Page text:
“Johnnie Walker made his name in the 60’s with the pirate ship Radio Caroline. His night-time show was essential listening for 86% of the night-time audience, which increased to over 20 million Europe-wide on the night of 14 August 1967, as Walker and ‘Caroline’ continued in defiance of Government legislation which silenced all the others” (Radio). Johnnie Walker’s quick paced and quirky style made him stick out from the rest of pirate radio’s DJ’s. He was sort of a leader for the rest of the DJ’s and he was a symbol for the entire revolution. When it became illegal for the pirate radios to broadcast Radio Caroline kept going as long as they could and Walker was one of the reasons why. He was a major advocate for the free radio and he had a specific enemy back on land. Mathew Bell from the UK’s Independent writes “For almost 50 years, Johnnie Walker and Tony Benn have represented two sides of a battle that defined British radio. One was a maverick DJ, playing records out of a rusting ship to circumvent a ban on broadcasting pop. The other was the Labour MP and then Postmaster-General, determined to close the loophole that allowed Radio Caroline to thrive” (Bell). This rivalry, as one may call it, lasted so long due to the fact that Johnnie Walker was so passionate about what he was doing and Tony Benn felt he did what he did to protect his country.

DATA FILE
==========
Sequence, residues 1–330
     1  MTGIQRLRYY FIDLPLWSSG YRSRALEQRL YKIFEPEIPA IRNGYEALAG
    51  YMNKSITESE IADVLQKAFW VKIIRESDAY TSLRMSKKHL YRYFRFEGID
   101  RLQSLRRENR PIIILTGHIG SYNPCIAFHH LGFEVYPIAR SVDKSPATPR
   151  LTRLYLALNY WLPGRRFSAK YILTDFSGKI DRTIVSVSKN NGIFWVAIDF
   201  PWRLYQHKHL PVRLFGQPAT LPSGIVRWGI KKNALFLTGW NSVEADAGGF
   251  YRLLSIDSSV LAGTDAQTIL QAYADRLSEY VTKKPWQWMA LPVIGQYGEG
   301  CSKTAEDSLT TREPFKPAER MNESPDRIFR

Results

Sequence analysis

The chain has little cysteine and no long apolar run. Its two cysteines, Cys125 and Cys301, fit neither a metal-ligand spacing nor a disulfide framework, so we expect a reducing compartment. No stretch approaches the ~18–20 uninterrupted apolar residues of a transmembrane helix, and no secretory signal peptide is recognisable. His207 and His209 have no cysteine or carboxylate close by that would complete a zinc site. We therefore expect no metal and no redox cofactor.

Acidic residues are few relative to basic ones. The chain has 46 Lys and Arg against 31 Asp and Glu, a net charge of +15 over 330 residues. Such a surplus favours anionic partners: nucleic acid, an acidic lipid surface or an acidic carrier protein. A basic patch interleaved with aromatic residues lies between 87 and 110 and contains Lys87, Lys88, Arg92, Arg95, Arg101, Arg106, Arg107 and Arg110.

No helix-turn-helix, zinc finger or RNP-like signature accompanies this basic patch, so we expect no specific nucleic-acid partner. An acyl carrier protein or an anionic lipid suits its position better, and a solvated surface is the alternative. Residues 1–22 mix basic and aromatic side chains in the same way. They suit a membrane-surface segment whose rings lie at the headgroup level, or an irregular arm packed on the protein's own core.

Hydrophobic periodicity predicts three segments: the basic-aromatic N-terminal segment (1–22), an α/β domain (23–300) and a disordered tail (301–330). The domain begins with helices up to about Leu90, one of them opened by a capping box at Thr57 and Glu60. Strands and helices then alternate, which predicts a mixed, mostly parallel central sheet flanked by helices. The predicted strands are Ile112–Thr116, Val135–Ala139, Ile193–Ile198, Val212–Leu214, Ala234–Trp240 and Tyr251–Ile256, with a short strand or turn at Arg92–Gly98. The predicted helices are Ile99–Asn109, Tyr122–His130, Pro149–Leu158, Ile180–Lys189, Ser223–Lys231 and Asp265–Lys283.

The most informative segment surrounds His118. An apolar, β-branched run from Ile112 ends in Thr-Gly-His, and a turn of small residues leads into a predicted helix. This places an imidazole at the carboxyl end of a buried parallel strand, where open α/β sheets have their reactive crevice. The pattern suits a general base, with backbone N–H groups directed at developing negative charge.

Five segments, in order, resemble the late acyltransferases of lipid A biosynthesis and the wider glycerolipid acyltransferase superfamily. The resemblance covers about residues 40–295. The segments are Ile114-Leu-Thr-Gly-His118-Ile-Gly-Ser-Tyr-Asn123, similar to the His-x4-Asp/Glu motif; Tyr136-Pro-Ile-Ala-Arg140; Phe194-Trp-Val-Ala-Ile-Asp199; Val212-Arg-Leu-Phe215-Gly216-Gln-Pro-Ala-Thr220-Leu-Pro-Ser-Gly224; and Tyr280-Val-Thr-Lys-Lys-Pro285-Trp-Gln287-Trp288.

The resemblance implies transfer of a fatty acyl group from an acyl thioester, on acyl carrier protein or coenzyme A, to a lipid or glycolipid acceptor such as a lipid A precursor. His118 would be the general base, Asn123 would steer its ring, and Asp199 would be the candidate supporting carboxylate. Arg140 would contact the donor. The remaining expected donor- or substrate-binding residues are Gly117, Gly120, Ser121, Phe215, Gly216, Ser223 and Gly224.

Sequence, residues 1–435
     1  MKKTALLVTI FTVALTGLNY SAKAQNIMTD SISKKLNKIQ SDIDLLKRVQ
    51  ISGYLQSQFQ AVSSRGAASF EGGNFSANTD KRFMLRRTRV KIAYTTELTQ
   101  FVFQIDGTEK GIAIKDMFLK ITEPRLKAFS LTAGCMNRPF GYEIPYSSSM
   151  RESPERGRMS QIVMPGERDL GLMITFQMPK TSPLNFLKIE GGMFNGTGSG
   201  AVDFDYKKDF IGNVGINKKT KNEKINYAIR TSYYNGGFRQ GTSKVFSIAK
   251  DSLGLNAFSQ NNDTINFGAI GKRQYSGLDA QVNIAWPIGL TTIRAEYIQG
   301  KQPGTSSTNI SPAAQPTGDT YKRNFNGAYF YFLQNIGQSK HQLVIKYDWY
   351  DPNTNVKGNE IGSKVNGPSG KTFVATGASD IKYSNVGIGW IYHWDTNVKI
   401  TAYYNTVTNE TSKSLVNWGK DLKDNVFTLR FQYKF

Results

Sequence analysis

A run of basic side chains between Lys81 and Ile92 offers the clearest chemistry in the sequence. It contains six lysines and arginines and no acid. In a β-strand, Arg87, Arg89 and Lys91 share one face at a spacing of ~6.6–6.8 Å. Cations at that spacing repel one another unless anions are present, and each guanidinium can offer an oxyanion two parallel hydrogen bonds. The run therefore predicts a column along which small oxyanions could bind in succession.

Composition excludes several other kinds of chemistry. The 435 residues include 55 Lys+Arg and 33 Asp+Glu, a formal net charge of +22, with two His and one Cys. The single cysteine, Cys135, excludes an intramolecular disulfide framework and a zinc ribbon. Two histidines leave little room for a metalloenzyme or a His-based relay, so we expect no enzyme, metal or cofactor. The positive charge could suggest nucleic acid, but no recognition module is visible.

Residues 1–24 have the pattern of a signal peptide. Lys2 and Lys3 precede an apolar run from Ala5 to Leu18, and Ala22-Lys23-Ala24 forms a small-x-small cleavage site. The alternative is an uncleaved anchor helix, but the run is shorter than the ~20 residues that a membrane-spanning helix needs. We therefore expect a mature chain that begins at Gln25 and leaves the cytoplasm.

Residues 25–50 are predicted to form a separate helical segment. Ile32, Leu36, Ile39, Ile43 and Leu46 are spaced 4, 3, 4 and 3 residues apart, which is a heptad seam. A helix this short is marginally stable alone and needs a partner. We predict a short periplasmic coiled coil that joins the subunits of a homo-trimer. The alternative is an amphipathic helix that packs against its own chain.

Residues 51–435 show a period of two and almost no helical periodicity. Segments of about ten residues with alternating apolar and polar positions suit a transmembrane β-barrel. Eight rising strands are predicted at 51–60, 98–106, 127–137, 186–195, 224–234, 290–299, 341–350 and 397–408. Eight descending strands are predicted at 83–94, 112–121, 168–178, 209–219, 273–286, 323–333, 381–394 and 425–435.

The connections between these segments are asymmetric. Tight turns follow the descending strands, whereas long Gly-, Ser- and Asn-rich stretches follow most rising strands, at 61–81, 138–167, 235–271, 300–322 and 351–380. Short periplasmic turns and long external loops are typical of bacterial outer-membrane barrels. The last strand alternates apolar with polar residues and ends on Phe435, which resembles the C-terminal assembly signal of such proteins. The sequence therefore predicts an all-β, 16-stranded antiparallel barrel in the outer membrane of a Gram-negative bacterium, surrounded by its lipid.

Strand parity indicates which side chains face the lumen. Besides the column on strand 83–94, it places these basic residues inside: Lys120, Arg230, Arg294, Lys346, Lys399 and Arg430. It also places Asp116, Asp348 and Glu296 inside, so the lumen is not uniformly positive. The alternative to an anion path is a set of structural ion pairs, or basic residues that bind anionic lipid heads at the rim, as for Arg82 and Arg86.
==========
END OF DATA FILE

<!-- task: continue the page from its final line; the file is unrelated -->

The British government and the British Broadcasting Corporation had been working together on trying to ban the pirate radio stations. The government had also been telling BBC what to broadcast in order to boost morale and get the people to like the government, because they had cut off the ships’ support. The British government basically blockaded the pirates making a law that cut off food, water, music, and advertising to the ships in 1967 after they made their broadcasting illegal as well. Once the blockade law was in place BBC started to broadcast a pop station of their own a month later. The blockade turned out to be too much for some pirates to handle. Many ships called it quits and went ashore. Except for a few ships, among them was Radio Caroline, defiant to the end. Ironically, after the pirates had given up, many DJ’s were granted employment for BBC. It took an entire six years after the fall of the pirates for the UK to allow commercial radio broadcasts within their borders.